Improvisation is the elongation and exploration of the moment, demanding trust and the ability to let go. I grew up in the bardo between improvisation and strict rules, maneuvering between repression and play. Between silence and jazz. Swearing and laughing. The irascible wobble of my dad’s psyche made him both a gifted musician and a tyrant, accelerating swiftly between the two. We were all afraid of him and to this day one of my brothers still refuses to talk about him. The oldest son became Dad’s best friend in his last years, even though that brother was the one my dad whipped the most with a belt. The youngest son is schizophrenic, diagnosed at 20, and at 65 is still medicated. Barely has a life. It was only after I was in my forties that I acknowledged my father was sick. I couldn’t accept this when I lived at home. One in the family was too much to bear. 

Dad never told us the bad stuff from his childhood, like when he was locked in a coal bin for disobeying. Or his parent’s violent fights. It was only when he was 50, at his mother’s funeral, that he told his sister he thought he was responsible for his father’s death by accidentally locking the garage door. His sister said, “Don’t be ridiculous, John. Dad committed suicide.” He never knew. We were never allowed to lock any doors in the house.
          My father was kicked out of third grade when the principal, during an assembly, was walking down the aisle to speak at the podium and my dad, in the band behind the kettle drums, broke into a sustained drum roll. Later his mother sent him away at 15 for being wild and untamable (skipping school, having an older girlfriend, making up stories). I improvised my way through high school, rarely attending classes, writing fake sick notes from my parents, inventing stories when the principal called me into his office. Dad yelled at me for my bad grades, which made me want to study even less. I managed to graduate with my class but I was anxious the whole time I’d have to repeat a year. This would have suffocated me. Our school was overcrowded, the teachers overwhelmed, and tests seemed pointless when I was set on a theatre career in New York City.
          Starting in second grade, Dad began taking lessons from a black drummer in Denver, and at the age of eight he studied the saxophone and soon thereafter the xylophone.  At 13, he sat in on the drums in the black section of town, playing with Jimmy Lunceford and Lucky Millander. He was the only white person in the building. He never learned to read music but he could play anything by ear. His chord changes were complex; his compositions beautiful. As an adult, Dad played drums with Ellington’s 17-piece band at the Riverboat Room in the Empire State Building; again the only white man. The Duke sent my dad a Christmas card every year. Ellington and Count Basie couldn’t read music either, common in those jazz days.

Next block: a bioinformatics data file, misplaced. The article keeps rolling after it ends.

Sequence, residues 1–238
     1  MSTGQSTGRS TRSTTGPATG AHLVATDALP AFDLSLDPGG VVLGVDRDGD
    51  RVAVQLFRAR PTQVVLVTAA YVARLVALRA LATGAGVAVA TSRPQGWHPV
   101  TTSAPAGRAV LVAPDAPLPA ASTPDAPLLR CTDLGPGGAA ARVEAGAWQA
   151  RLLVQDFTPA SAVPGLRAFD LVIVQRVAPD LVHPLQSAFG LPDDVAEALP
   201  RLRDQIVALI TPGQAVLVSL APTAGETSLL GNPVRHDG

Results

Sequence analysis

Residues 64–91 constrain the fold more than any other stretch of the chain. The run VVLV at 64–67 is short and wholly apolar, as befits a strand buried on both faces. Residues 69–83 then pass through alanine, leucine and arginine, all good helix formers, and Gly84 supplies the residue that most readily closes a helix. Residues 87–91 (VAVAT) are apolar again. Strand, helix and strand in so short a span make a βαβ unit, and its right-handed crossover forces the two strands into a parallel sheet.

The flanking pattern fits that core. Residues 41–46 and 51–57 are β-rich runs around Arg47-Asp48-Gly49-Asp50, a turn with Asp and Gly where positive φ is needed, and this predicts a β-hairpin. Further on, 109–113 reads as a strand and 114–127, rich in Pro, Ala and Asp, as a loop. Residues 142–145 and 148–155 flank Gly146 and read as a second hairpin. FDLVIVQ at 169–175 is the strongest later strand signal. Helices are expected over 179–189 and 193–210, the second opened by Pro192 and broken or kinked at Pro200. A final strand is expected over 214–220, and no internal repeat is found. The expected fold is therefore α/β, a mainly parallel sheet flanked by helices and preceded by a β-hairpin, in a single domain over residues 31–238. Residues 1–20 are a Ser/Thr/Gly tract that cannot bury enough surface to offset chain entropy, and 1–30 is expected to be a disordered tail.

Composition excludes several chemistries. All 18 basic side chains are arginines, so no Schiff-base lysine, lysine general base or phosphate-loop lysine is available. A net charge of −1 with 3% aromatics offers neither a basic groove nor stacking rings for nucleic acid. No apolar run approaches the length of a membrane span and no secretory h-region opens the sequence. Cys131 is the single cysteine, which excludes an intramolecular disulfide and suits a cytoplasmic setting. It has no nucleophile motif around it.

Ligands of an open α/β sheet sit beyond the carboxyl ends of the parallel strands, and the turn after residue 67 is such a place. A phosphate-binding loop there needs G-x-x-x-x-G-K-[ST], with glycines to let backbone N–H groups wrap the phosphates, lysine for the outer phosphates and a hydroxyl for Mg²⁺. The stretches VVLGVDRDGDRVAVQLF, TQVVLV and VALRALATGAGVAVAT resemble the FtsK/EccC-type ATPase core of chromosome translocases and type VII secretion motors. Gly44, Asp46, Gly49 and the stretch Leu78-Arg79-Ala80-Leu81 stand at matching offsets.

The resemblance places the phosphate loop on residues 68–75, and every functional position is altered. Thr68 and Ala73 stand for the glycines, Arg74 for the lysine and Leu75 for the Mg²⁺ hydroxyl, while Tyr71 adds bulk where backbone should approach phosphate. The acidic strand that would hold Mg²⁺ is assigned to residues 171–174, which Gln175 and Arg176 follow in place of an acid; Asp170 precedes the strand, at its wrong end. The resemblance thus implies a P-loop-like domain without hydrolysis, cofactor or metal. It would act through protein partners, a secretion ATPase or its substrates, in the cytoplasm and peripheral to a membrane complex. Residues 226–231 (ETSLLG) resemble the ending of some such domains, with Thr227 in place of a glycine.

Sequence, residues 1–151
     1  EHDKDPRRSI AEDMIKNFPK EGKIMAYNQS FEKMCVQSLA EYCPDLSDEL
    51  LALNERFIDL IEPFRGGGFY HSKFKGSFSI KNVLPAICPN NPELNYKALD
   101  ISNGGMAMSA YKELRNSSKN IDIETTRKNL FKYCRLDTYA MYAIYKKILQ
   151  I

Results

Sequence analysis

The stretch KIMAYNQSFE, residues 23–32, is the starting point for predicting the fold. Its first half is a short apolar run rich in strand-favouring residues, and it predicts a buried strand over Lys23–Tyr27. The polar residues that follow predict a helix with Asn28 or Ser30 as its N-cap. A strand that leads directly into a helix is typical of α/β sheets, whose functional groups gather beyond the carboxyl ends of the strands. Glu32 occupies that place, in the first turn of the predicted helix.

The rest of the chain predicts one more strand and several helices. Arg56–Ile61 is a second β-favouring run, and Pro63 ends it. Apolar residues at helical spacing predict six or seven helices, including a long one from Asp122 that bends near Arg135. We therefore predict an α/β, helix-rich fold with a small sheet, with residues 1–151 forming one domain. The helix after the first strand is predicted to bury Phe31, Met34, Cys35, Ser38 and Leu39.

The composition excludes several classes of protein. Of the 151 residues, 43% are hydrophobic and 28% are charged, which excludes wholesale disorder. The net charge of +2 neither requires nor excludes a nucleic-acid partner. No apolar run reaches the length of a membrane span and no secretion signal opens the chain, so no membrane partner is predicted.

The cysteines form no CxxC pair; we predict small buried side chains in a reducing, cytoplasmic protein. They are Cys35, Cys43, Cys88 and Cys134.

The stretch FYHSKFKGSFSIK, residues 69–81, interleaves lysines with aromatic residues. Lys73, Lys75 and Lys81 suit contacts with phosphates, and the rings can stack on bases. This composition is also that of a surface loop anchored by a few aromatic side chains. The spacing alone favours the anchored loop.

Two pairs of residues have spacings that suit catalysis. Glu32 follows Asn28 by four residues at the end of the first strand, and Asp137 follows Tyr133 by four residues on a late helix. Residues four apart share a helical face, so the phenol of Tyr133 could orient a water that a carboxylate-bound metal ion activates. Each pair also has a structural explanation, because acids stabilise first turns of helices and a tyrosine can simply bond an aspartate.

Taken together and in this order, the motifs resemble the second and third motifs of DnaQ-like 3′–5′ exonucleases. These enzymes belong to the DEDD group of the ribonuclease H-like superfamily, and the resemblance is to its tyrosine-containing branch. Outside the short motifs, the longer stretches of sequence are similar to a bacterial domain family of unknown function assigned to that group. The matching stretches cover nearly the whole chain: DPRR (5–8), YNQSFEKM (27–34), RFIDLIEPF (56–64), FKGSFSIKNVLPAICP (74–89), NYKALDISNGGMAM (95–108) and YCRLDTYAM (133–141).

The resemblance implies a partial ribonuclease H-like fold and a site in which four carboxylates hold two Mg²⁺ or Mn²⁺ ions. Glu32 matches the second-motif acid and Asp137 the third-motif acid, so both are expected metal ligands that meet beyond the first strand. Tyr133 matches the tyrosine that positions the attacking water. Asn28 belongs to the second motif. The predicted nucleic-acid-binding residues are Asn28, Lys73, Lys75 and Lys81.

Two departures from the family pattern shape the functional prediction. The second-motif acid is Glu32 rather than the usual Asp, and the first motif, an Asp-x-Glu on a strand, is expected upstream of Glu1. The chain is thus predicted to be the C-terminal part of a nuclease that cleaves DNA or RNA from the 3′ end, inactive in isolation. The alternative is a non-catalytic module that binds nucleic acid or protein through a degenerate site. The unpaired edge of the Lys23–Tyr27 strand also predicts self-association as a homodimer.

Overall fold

My father could play the piano for hours, tackling intricate chords with two hands, or jamming with two index fingers at lightning speed. He was also lightning on the drums, twirling sticks in the air and never skipping a beat á la Buddy Rich and Gene Krupa, his idols. I never saw my dad sweat when he made music––he was one cool cat, thrumming and smooth.
          The drummer, Tony Williams, who played in a quintet with Miles Davis, said, “People ask what I think about when I’m playing drums. If I could tell you what I was thinking about, I wouldn’t have to play the drums.” 
          Sometimes after dinner, if we were lucky, my family would drop into that deep play for one timeless hour. Our brains would buzz with the joy of making music as a unit; one mind of five unique voices complementing, urging, allowing, caressing, cajoling, insisting, stepping aside. The next morning, Dad would put on his suit, white shirt, tie and hat, pick up his briefcase and go be the Personnel Director for a gas and electric company. If he’d only stayed with his music, everyone, including him, would have been far happier, buoyant and untethered. 
          Dad made magic and joy when he played and composed music. He played off the cuff because he had in-depth knowledge of the craft and long experience from playing with and listening to some of the deftest improvisers. When he played, his imagination changed his iron will to control into his servant, ready for anything. Hardness softened and he became gorgeous. 

When my Dad’s will was king, he became heavy and punishing with a mind-blasted need to control. When I was caught sneaking out of the house at night to see my boyfriend, he grounded me for a month. If I was on the phone for too long, he got on the other end and yelled to get off. He yelled at us for sleeping late, for not taking the garbage out when he said to, for making too much noise on weekends when he was taking a nap. Once, a neighbor kid fell down a cliff and my brother stayed with him while I ran to get help. My dad was taking a nap so, afraid to wake him, I ran to the neighbor’s and they called an ambulance. My dad yelled at me later for not waking him up.